Biogeography in a Changing World
2006 (English)In: Event-Based Biogeography: Integrating patterns, processes, and time, CRC Press (Taylor & Francis Group) , 2006, 135-156 p.Chapter in book (Refereed)
Cladistic biogeography searches for general patterns of distribution among multiple organisms as evidence of a common biogeographic history, but does not explicitly consider the evolutionary processes that created such patterns or the timing of divergence of the organisms studied. This makes biogeographic results often difficult to interpret. Here, I review recent methodological developments on biogeographic analysis based on the recognition of processes (“the event based approach”), which have led to an extraordinary revolution in biogeographic studies. Event-based methods explicitly include all biogeographic processes into the analysis as possible explanations for the observed biogeographic pattern. Each process (vicariance, duplication, extinction, and dispersal) is associated with a cost inversely related to its likelihood. The optimal biogeographic reconstruction is the one that minimizes the total cost of the implied events (most parsimonious). Significance of results can be assessed by comparing them with those derived from random data sets under the null hypothesis that distributions are not phylogenetically constrained. I compare two event-based methods, dispersal-vicariance analysis and parsimony-based tree fitting in relation to alternative biogeographic scenarios: hierarchical vs reticulate, widespread vs. endemic, etc. I describe recent studies in which event-based methods, combined with large data sets of phylogenies and estimates of divergence times, have been used to test large-scale biogeographic patterns on the Holarctic and Southern Hemisphere biotas. Despite claims by cladistic biogeography that dispersal is a random, stochastic event, these studies show that dispersal can also generate congruent distribution patterns among multiple taxa if coordinated in direction, e.g., by prevailing winds and ocean currents (“concerted dispersal”). They also suggest major biogeographic differences between animal and plants, with plant patterns more influenced by recent dispersal.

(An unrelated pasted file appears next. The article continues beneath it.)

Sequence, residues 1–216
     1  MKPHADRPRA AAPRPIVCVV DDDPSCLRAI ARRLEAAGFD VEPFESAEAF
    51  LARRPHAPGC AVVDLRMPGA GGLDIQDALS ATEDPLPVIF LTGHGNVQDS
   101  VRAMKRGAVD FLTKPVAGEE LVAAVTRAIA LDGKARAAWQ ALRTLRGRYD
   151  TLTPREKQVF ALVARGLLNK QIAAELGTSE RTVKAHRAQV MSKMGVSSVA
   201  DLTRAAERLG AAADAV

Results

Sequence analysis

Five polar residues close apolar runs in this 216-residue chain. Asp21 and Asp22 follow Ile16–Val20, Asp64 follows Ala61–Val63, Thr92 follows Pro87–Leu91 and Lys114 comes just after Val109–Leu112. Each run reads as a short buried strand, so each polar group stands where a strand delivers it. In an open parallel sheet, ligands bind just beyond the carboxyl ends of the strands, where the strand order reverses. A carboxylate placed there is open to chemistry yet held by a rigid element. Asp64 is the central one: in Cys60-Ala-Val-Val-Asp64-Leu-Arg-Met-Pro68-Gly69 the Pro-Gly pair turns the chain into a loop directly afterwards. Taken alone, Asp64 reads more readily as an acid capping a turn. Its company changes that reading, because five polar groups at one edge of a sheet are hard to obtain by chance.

Place, publisher, year, edition, pages
CRC Press (Taylor & Francis Group) , 2006. 135-156 p.
IdentifiersURN: urn:nbn:se:uu:diva-24596ISBN: 0-8493-8038-3OAI: oai:DiVA.org:uu-24596DiVA: diva2:52370